The Obama campaign and the Democrats have sued the State of Ohio over the hours the polling places will be open for early voting. .  This is great news, but why does every thing have to be so political in allowing people to vote?  There is no way for non-partisan groups like NEOCH to push an agenda that homeless individuals in our society will have the opportunity to vote without looking as though we are siding with one political party.  It is hard for the League of Women Voters, COHHIO or other groups to not appear as fronts for the Democratic Party.  There is no middle ground with groups that just want to figure out how to get as many people as possible to vote, and make that fundamental right of a functioning democracy as easy as possible.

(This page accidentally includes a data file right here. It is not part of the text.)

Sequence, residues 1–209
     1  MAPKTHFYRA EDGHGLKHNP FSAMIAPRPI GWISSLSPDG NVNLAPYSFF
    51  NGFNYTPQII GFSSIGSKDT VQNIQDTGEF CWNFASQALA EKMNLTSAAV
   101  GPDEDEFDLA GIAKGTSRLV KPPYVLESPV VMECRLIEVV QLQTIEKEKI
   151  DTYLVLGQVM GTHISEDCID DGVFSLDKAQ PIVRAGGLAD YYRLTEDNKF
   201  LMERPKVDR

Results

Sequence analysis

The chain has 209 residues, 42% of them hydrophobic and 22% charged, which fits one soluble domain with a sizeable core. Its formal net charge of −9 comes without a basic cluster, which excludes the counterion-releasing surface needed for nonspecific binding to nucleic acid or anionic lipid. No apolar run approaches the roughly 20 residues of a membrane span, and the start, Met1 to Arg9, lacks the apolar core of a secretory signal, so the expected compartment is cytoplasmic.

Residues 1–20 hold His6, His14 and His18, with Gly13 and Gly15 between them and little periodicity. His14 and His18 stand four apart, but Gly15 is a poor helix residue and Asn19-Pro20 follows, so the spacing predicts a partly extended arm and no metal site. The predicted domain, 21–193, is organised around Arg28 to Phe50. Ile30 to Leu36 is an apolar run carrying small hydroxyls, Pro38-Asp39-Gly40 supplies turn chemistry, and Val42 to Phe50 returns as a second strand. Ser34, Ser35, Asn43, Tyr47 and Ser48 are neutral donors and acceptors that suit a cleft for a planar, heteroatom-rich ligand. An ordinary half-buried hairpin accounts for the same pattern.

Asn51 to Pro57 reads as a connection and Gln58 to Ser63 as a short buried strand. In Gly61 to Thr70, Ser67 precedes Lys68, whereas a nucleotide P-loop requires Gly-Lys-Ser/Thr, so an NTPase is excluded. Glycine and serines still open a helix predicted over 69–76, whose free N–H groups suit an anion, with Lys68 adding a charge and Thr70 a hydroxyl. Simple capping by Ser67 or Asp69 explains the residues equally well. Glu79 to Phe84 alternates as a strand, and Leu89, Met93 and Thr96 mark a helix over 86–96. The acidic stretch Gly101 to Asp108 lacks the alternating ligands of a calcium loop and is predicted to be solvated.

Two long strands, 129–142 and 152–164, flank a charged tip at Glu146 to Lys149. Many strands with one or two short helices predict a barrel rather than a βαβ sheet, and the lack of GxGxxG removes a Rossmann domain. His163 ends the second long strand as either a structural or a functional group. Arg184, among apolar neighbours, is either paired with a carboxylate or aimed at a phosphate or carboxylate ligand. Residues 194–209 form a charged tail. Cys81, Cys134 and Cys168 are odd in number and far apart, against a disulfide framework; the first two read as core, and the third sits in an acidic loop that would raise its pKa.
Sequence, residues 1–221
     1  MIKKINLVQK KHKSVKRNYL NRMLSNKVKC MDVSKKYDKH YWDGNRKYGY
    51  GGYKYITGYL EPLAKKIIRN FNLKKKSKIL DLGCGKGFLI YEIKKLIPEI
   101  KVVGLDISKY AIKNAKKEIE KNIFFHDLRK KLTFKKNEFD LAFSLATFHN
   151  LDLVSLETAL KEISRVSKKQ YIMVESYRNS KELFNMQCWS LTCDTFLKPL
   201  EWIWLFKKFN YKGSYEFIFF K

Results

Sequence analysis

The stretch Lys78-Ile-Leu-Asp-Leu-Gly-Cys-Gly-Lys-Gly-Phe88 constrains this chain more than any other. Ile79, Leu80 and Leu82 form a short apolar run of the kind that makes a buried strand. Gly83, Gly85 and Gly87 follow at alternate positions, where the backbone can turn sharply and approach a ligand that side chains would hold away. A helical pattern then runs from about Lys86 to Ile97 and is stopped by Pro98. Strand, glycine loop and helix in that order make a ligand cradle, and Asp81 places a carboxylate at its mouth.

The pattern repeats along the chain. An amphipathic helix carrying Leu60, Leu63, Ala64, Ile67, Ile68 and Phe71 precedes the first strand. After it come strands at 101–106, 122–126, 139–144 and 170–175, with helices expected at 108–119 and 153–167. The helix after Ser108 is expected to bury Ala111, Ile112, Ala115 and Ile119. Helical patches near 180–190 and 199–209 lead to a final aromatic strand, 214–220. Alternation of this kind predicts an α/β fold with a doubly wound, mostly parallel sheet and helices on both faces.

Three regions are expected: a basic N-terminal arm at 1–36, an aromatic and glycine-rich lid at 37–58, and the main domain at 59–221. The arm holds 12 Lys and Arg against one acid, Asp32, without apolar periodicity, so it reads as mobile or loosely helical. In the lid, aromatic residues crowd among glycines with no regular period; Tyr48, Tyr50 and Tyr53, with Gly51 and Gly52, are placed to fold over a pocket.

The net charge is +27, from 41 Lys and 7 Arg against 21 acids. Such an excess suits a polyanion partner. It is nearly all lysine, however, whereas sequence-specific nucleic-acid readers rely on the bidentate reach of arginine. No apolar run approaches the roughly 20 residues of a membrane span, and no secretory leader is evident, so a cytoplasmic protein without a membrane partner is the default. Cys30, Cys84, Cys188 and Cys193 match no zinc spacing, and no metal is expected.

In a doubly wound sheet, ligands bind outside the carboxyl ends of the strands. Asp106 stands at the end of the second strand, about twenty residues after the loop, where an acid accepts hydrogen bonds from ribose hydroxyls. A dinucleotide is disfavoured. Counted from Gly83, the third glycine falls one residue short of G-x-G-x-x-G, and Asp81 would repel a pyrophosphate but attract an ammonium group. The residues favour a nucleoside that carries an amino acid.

The issue is that voters will be treated differently in Ohio with veterans allowed to vote early in person while others will not be able to cast in person ballots on the last weekend before the election.  This was passed in 2011 as part of the Ohio legislatures attempt to change voting procedures.  Left leaning groups and voting groups opposed these changes and were able to get enough signatures to allow these changes to go before voters.  The state withdrew part of the legislation, but kept the requirement that Boards of Elections close the weekend before the election.  The Ohio legislature withdrew part of the changes, but not this restriction on weekend voting, and that nullified the ballot issue.  We believe that we should have been able to vote on the changes to voting to show the Ohio legislature that there is strong support for allowing every eligible voter to cast a ballot.  The Ohio Secretary of State was on WKSU yesterday saying that there is a lot of disparities between veterans and oversees voters and other voters, and reminded citizens that this was the third election that has been operated under these new rules.  One was a low turnout primary in March 2012.  One was an August 2011 local election, and the November 2011 election with the big issue being the overturning of the restriction on unions.  None of these elections come even close to the voter turnout of a Presidential election when we need extra hours to vote.  It is unfair that there is a disparity between one group of voters and others, and the court should force the state to standardize voting with the more access the better for all voters.